JPMorgan pays $55M to settle mortgage discrimination lawsuit
JPMorgan Chase agreed to a settlement with the U.S. government over allegations that it discriminated against "thousands" of black, Hispanic mortgage borrowers from 2006 through 2009.
The bank's independent brokers charged minority borrowers higher mortgage interest rates and fees during that period, compared to "similarly situated white borrowers," according to a government lawsuit filed Wednesday in a New York federal court.
JPMorgan is expected to settle the lawsuit for $55 million without admitting any liability.
“We’ve agreed to settle these legacy allegations that relate to pricing set by independent brokers," the company said in a statement. "We deny any wrongdoing and remain committed to providing equal access to credit.”
The lawsuit, filed by U.S. attorney Preet Bharara of the Southern District of New York, alleges that the average black or Hispanic home buyer paid about $1,000 more than white borrowers with the same risk profile.
Altogether, the alleged discrimination cost at least 53,000 borrowers "tens of millions of dollars in damages," the government said.
JPMorgan Chase attorneys denied the allegations in a response filed in court.
In the lawsuit, the U.S. government sought damages for borrowers, civil penalties and an order preventing further discrimination.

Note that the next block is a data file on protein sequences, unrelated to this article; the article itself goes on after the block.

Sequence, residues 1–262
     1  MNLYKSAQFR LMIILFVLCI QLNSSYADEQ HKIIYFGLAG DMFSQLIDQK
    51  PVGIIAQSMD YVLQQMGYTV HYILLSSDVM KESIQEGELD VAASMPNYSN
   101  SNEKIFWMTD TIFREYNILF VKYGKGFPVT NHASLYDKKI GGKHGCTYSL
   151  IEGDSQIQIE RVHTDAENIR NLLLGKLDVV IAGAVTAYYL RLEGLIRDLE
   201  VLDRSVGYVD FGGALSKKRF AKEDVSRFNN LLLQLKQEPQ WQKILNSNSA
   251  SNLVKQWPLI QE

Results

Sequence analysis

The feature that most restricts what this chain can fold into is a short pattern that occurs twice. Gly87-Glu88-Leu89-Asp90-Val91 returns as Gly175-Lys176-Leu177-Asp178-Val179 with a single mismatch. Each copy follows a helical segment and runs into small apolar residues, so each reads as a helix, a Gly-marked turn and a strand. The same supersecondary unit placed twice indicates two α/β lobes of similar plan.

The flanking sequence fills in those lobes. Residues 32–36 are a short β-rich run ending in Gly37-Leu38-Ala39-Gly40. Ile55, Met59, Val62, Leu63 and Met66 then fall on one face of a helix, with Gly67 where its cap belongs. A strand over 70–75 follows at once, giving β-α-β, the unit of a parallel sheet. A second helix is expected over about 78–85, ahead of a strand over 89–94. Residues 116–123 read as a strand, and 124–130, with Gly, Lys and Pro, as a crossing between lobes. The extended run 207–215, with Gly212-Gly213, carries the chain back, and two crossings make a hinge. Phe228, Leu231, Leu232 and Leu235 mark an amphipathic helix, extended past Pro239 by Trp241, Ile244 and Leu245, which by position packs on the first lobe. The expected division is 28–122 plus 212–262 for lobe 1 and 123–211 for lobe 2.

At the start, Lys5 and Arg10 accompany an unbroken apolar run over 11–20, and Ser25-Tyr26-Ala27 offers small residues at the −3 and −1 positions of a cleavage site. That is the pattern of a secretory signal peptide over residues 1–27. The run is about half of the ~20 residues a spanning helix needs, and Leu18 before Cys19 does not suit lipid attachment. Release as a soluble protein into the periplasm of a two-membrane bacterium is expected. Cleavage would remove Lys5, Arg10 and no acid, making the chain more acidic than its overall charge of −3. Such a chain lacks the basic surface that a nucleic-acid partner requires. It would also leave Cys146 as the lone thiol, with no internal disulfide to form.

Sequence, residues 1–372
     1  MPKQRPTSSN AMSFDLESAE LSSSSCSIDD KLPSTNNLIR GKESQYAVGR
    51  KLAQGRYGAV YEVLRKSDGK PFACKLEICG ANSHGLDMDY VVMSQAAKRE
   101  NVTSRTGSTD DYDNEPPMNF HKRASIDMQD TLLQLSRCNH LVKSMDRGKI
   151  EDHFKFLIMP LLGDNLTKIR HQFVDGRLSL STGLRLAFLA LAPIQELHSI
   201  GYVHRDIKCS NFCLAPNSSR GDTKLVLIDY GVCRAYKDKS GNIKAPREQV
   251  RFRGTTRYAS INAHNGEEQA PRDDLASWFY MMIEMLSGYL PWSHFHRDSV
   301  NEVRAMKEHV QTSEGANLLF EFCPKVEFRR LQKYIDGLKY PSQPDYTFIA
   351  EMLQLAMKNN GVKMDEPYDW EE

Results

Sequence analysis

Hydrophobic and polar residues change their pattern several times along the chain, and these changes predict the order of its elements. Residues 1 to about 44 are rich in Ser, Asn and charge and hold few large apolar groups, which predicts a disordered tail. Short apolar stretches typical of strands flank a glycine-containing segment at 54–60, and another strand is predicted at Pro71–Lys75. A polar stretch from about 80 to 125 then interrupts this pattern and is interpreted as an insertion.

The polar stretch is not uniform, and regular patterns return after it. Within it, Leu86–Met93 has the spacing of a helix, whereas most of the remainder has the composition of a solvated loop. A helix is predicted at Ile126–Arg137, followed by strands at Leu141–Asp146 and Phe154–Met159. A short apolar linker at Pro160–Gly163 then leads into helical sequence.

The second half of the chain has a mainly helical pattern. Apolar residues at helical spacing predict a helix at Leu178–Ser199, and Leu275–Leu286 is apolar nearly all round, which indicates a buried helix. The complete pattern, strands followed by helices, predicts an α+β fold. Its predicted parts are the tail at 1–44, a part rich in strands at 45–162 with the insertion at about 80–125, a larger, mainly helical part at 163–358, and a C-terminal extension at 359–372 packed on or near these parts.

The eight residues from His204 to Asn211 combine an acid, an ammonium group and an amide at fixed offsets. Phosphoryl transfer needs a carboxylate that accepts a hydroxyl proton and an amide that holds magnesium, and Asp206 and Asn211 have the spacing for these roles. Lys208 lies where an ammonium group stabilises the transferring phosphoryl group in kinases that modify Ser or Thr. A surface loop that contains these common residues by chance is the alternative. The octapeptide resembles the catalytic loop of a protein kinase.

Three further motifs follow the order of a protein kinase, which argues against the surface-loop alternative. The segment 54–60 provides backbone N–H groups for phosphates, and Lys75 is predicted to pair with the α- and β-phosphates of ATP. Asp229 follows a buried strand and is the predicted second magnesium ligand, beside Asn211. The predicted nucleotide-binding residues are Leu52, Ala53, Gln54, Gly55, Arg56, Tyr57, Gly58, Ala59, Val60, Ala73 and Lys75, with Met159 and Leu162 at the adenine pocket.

The bank gave its independent mortgage brokers the discretion to adjust pricing based on factors not related to borrower risk without documentation or justification, the government alleged. The lawsuit also accuses Chase of rewarding brokers with bonuses for charging interest rates above those based on standard credit criteria.
The average black borrower paid about $1,126 more over the first five years on an average loan of $191,100, according to the government, while the average Hispanic borrower paid about $968 more on an average loan of $236,800.
"Even when Chase had reason to know there were disparities, however, Chase did not act to determine the full scope of these wholesale pricing disparities, nor did it take prompt and effective action to eliminate those disparities, nor did it engage in adequate efforts to remedy the impact of those disparities upon the borrowers," the plaintiffs charged in the lawsuit.
Follow USA TODAY reporter Nathan Bomey on Twitter @NathanBomey.
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